California First Lady Maria Shriver, John Edwards and other political
luminaries converge on Los Angeles today for a summit on California poverty.
The organizers want speakers to present ways to help California’s poor that
are “innovative, practical, and achievable.”
That’s a tall order, but it’s a timely one. California is at a crossroads in
how it assist its less fortunate residents. We can limit ourselves to the
old tools and policies. Or California can lead the country in the
democratization of financial assets–which could prove to be the Homestead
Act of the 21st Century.
In the former, the focus is on familiar strategies–early childhood
education, job training, and youth programs. These services are crucial for
struggling families, but they’ll only get them so far. To permanently exit
poverty, families need opportunities to build their savings so they can make
key investments like sending their kids to college or buying a home.
Too many poverty analysts also low-ball the number of Californians who are
struggling economically. They use the federal government’s measure that
states 12 percent of Californians live in poverty. According to these
guidelines, a family of four is officially poor if it earns less than
$18,400 a year. But this definition, which looks only at household income,
just tells part of the story. For a more complete picture–and a more
discouraging one–it is necessary to measure the assets of the poor.
Whereas 12 percent of Californians are income poor, about 29 percent are
asset poor. These greater numbers of Californians would only last three
months at the poverty level if they were forced to deplete all of their
assets. That’s the fourth worst “asset poverty” rate in the nation. When
families don’t have enough assets, they may be one medical emergency or one
layoff away from government dependence. They also cannot buy a home, send
their kids to college, start a business, reduce or manage their debts, or
make long-term investments. And pass on opportunities to future generations?
When you ignore this expanded definition of poverty–that considers a
family’s income and assets– you put forward solutions that only solve part
of the problem.
Incentives to save and invest have long been available to upper income
Americans. Twenty-five percent of American adults have a legacy of asset
ownership from the Homestead Act. Today, the Federal Government provides
over $300 billion a year in investment opportunities through the tax code
for mortgage deductions, college and retirement savings, and to spur stock
ownership and business investment. Great policies, without a doubt–except
that more than 90 percent of these tax benefits accrue to households earning
more than $50,000 a year or roughly the upper-half of America.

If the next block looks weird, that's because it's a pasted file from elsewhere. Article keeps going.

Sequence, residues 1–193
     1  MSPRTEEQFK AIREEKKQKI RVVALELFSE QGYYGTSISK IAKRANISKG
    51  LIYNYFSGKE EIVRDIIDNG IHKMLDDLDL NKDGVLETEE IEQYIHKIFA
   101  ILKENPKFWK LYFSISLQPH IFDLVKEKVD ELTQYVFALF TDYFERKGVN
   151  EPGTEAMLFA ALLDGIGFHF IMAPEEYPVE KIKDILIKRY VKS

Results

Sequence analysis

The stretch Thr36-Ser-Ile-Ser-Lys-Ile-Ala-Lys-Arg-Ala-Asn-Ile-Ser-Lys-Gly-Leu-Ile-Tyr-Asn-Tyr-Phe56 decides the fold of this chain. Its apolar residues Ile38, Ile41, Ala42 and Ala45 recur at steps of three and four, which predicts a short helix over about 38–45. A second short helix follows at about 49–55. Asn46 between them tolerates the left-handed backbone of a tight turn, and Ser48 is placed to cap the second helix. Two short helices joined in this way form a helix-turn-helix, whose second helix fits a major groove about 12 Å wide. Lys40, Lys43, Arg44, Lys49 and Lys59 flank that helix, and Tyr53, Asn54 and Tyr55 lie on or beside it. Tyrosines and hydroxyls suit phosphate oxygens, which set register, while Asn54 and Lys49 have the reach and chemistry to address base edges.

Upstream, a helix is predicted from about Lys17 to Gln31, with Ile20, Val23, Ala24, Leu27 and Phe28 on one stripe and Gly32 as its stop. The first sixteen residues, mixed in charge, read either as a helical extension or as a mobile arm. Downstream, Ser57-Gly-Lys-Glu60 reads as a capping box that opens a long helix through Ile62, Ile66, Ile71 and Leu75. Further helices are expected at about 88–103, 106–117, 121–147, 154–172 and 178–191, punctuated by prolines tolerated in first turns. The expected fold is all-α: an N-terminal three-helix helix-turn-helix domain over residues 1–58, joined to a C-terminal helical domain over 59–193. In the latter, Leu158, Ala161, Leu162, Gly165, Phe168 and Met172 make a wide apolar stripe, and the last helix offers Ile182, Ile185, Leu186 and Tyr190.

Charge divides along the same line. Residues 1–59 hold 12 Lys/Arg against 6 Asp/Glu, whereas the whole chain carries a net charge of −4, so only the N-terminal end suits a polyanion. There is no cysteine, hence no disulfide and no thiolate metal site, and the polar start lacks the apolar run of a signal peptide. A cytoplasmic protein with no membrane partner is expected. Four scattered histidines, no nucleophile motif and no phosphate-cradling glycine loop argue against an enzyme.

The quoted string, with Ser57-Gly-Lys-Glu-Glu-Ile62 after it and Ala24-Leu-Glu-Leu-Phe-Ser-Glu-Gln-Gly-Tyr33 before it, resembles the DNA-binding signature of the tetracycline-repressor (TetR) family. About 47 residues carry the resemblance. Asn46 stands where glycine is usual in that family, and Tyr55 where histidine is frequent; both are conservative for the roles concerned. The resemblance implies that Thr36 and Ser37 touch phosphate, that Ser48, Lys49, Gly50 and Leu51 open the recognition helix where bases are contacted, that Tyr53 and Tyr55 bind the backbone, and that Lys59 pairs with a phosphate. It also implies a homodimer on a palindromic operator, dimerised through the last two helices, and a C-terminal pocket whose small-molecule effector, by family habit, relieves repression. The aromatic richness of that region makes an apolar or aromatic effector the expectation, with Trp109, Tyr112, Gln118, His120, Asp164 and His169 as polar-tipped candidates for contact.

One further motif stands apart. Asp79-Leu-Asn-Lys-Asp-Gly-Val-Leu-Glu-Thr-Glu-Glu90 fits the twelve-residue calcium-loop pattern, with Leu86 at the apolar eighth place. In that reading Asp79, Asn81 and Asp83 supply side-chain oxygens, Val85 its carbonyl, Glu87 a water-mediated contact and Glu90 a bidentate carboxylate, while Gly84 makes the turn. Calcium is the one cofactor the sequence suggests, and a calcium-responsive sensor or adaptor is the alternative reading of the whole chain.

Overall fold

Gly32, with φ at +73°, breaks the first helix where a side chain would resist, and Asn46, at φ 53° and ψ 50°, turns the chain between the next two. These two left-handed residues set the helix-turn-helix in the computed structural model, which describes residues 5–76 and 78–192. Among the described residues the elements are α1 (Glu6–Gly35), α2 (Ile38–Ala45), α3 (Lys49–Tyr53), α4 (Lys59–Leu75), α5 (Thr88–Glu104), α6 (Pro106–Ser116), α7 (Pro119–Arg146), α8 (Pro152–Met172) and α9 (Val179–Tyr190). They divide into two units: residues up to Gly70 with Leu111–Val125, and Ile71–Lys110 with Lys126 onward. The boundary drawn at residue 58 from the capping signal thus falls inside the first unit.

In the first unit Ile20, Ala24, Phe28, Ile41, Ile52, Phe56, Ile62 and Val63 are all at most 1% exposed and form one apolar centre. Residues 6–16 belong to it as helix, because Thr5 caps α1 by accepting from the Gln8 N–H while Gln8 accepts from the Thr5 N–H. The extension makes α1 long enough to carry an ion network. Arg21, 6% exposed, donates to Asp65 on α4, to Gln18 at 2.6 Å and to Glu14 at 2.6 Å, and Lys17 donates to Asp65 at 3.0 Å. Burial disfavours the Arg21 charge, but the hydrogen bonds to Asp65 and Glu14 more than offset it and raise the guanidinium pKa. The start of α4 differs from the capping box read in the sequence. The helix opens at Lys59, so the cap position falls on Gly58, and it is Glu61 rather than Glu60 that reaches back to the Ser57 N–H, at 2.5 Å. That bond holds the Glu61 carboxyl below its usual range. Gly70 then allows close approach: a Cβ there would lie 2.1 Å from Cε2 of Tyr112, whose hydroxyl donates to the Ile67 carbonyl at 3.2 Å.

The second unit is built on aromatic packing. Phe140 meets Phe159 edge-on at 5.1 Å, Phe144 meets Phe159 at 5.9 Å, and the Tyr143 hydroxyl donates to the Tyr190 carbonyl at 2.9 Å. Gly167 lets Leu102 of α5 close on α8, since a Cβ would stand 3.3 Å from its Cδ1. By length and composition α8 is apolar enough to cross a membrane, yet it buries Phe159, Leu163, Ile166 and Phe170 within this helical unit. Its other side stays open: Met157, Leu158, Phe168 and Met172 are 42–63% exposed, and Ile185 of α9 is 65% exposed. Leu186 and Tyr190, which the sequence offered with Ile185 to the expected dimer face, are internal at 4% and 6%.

Fortunately, similar policies for the working poor are being piloted in
California. These community programs don’t rely on the old tools. Instead,
they’ve worked with 5,000 families to cut an innovative deal: if you put
aside savings to buy a home, go back to school, or pursue some type of self
employment, we’ll match your savings $2 for every $1 you put in an account.
We’ll help you create a budget to meet your savings goals and build your
credit. And we’ll help you open a bank account, IRA, and use other types of
The deal is working. The state’s largest pilot program is the Assets for All
Alliance in Silicon Valley. Almost 700 low-income families have reached
their goals to buy houses, go back to school, and start businesses.
Together, they’ve saved $1.5 million. About 80 percent are meeting their
monthly savings goals. Their median household income is $24,000 a year.
These programs are proving that poor Californians can save, if they have the
incentives and tools.
But the biggest “asset building” idea would help Californians build savings
from the day they are born. A California Kids Account could be started for
every Californian at birth. The state could make an initial deposit,
matching deposits could be available for lower income children, and
financial education could be provided to both parents and children. All
California kids would grow up knowing they had a growing next egg to use for
college, a home, or a business. The accounts would be hope in concrete
form. Great Britain recently enacted a Children’s Trust Fund, its own
version of this idea. And a similar proposal has attracted bi-partisan
support in the U.S. Congress.
The obvious critique of asset building policies is that they’d break the
bank. But Gov. Schwarzenegger just proposed an infrastructure initiative
with a $222 billion price tag. California could pay for five years of KIDS
accounts for less than one percent of that cost. Surely we can find that
much to help California children and parents invest in themselves?